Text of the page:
Industrial Thermal Camera Applications
Carry out non-contact temperature analysis of critical machinery and electrical equipment without carrying out extensive testing procedures during machinery downtime. Thermal cameras used in this industry are able to increase productivity, decrease machinery downtime making repairs and prevent problems from becoming damaging long before they get the chance.
Industrial environments thrive because of two things; the workforce, and the machinery they use. Workers are needed to keep machinery in good working order and to interact with functions, while machinery increases productivity significantly and ensures that the working environment is profitable, constantly moving and safe for those around it. As this reliance in machinery increases within industrial environments so to does the need to constantly maintain delicate machinery, piping and energy sources to ensure that the industrial environment remains in correct working order.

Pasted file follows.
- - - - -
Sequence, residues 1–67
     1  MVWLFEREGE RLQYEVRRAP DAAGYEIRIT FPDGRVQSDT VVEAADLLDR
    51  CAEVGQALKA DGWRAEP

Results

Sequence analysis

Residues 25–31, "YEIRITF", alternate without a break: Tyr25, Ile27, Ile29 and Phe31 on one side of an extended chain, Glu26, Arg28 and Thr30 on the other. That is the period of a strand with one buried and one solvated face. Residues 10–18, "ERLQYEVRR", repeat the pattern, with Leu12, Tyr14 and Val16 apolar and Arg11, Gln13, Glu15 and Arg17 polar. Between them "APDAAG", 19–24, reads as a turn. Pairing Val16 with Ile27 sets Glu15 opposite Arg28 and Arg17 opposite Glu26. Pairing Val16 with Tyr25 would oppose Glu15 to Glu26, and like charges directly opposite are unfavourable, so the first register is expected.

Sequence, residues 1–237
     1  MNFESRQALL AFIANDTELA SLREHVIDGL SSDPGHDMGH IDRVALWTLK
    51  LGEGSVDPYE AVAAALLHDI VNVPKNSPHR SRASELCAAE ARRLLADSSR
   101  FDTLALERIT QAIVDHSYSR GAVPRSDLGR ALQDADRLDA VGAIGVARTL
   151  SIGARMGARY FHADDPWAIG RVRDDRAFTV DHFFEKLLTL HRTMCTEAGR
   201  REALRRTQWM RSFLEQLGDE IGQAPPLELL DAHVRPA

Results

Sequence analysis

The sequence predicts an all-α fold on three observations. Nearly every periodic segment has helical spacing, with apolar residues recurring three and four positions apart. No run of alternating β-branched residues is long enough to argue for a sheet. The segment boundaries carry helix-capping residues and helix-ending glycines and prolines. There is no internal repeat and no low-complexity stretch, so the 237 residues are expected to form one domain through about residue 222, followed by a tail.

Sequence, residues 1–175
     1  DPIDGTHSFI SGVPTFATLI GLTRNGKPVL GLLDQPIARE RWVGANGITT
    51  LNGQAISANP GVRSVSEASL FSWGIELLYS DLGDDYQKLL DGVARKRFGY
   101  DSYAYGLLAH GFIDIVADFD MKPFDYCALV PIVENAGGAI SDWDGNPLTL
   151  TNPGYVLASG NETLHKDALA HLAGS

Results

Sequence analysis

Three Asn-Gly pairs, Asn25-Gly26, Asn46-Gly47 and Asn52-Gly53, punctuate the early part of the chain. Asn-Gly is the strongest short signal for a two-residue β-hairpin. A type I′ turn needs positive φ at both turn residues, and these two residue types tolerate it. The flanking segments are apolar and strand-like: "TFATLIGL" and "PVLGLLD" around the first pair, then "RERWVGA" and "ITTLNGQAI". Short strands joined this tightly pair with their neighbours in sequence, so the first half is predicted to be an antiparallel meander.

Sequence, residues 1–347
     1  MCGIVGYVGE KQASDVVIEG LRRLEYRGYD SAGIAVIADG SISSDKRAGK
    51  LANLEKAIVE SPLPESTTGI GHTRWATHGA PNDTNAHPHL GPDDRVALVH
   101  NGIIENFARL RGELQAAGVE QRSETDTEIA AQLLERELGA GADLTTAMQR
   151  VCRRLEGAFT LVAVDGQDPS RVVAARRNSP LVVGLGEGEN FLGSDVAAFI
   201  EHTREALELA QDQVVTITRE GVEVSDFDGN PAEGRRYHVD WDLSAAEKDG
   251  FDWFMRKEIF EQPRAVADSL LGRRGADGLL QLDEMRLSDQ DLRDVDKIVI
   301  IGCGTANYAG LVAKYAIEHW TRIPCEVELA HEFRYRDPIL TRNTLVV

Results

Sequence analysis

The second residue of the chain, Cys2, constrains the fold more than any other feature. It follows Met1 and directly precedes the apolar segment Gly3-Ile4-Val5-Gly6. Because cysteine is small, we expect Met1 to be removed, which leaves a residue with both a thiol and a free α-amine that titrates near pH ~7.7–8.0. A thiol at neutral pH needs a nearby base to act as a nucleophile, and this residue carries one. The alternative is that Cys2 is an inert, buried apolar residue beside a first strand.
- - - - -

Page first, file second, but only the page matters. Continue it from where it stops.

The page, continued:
There are several ways to test machinery and the general environment within industry, but perhaps one of the most growing methods of testing is to carry out thermal surveys. Either automated or carried out using handheld units, thermal technology used within industry has a number of benefits over other testing methods which are outlined further below.
But how do thermal cameras actually work? In order to understand how these intutive devices benefit industrial applications, you first need to understand a little about the science behind these systems.
Thermal Cameras - An Explanation
What is a thermal imaging camera? Well - to put it in the simplest way possible - thermal cameras are able to take pictures of our environment and measure the temperature of thousands of points within the image. In more technical terms, a thermal imaging system measures infrared (IR), a totally invisible part of the light spectrum that exists around us constantly, converts the detected emissivity of objects into an image and displays it as a heatmap of different temperatures.